Men encounter fewer obstacles and have an easier time aging than women.


Men encounter fewer obstacles and have an easier time aging than women.

According to an international survey, males cope with old age significantly better than women.

According to the findings, older males have less problems because they have been seriously ill for fewer years, are wealthier, and are more likely to have stable work.

Despite having a three-year longer life expectancy than men, women are more likely to be disabled, have poor health, require long-term care, and live alone in their later years.

The Netherlands, Austria, Italy, and Denmark have the largest gender disparity in terms of quality of life, whereas Finland, Ireland, Spain, and Poland have the smallest.

Researchers established a gender-specific ageing index for wellbeing, productivity and involvement, equity, and cohesion/security, all graded out of 100, using data from 18 nations.

In terms of happiness, British men had a score of 74, while women received a score of 61.

The UK scored 57 for men and 47 for women, the US scored 55 for men and 47 for women, and Germany scored 62 for men and 51 for women. And the disparity is predicted to widen, as the world population of over-65s is expected to more than quadruple from 703 million to 1.5 billion by 2050.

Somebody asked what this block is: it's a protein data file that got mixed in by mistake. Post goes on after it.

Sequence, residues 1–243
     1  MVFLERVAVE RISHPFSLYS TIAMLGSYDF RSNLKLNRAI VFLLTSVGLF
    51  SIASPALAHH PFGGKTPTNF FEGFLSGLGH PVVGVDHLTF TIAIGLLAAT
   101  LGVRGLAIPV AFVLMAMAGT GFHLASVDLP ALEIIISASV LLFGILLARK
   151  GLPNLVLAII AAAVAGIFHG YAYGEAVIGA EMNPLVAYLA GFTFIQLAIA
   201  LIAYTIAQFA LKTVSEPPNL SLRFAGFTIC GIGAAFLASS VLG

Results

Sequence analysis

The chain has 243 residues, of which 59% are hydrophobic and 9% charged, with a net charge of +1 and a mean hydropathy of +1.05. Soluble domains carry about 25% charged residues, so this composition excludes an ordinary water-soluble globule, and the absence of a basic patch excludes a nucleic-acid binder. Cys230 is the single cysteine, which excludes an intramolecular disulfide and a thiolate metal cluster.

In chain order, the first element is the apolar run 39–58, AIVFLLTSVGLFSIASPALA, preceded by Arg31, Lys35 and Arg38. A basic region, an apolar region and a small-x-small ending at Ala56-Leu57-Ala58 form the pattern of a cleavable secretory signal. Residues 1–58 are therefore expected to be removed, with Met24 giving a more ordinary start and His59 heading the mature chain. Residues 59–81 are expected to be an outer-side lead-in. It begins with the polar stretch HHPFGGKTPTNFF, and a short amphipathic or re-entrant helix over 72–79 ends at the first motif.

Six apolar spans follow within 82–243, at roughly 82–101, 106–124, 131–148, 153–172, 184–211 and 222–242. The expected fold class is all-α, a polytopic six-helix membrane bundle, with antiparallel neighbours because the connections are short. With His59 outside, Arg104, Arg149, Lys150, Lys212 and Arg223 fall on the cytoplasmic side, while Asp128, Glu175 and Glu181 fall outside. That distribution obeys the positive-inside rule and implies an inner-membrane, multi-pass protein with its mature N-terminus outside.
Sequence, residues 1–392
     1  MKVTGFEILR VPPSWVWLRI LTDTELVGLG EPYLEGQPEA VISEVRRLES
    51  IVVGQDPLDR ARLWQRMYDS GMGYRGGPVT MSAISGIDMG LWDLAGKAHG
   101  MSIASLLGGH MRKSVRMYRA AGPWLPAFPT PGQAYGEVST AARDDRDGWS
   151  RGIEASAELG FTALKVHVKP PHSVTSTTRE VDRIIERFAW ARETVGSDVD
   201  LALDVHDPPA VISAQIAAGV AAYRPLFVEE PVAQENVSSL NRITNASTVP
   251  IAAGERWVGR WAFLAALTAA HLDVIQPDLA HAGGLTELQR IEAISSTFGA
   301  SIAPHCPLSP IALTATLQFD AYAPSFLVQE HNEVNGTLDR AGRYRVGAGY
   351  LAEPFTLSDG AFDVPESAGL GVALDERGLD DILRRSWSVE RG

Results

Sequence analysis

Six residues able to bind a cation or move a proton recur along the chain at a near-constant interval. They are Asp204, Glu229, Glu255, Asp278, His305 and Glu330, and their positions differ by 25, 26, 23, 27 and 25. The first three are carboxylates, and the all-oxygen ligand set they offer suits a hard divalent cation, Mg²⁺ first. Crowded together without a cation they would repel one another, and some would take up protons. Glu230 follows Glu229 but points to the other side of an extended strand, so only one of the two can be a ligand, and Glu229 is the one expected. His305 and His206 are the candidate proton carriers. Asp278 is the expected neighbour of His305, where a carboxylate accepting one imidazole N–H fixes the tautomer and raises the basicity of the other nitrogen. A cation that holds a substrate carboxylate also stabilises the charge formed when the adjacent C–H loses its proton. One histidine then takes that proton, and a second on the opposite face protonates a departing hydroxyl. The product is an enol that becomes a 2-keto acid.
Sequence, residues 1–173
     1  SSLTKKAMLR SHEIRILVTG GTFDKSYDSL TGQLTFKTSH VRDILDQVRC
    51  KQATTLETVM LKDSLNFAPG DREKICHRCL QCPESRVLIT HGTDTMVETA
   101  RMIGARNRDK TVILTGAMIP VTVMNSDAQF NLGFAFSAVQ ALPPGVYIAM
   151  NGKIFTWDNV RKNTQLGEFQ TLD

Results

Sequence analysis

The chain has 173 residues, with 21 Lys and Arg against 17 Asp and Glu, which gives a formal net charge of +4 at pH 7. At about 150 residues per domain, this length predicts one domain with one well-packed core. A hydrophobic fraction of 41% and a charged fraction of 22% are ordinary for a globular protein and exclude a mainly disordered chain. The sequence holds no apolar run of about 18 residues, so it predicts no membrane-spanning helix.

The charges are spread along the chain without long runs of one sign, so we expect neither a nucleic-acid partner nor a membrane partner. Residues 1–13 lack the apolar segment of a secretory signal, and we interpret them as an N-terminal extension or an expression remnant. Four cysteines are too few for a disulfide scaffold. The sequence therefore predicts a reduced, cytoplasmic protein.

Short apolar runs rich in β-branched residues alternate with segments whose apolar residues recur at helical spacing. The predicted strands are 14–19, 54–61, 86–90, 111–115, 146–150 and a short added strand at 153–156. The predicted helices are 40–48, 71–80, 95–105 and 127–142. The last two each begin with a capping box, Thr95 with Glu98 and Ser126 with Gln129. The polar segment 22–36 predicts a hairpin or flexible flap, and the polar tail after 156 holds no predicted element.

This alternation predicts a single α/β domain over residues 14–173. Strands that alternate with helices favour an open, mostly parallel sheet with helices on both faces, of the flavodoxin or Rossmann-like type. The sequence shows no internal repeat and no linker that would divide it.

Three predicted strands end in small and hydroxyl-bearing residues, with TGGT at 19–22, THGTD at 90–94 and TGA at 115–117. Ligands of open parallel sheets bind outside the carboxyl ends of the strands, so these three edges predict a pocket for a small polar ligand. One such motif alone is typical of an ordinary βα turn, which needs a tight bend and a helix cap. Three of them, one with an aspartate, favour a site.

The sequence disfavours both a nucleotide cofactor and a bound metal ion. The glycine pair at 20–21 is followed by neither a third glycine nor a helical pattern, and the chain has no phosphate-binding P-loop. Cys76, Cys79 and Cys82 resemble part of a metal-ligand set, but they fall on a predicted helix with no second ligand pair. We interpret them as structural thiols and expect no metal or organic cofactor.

The most significant difference was in social integration, which favored men by 21 points on average and included social support and cohabitation.

Men were 10 points more likely than women to have high levels of productivity, as well as personal and financial stability, across all countries.

“Aging cultures reinforce the prevalent gender norms in which men continue to be awarded the bulk of chances, resources, and social support,” said Dr Cynthia Chen of the National University of Singapore.

“The structural and policy biases that favor men must be challenged immediately.”

Nearly one-fifth of women claim their body image has a persistent impact on their sexual interactions.

According to a study, a similar amount of people are concerned about what their partner thinks about their body. Only one out of every ten men, on the other hand, is regularly concerned.

Around four out of ten men and women are “somewhat concerned” about their body image, but a third of women under the age of 40 are extremely anxious about their partner’s perception of their appearance. People’s sex life are less likely to be affected by body confidence as they get older.

However, there is still a disparity in the number of men and women who are concerned, according to “Brinkwire Summary News.”


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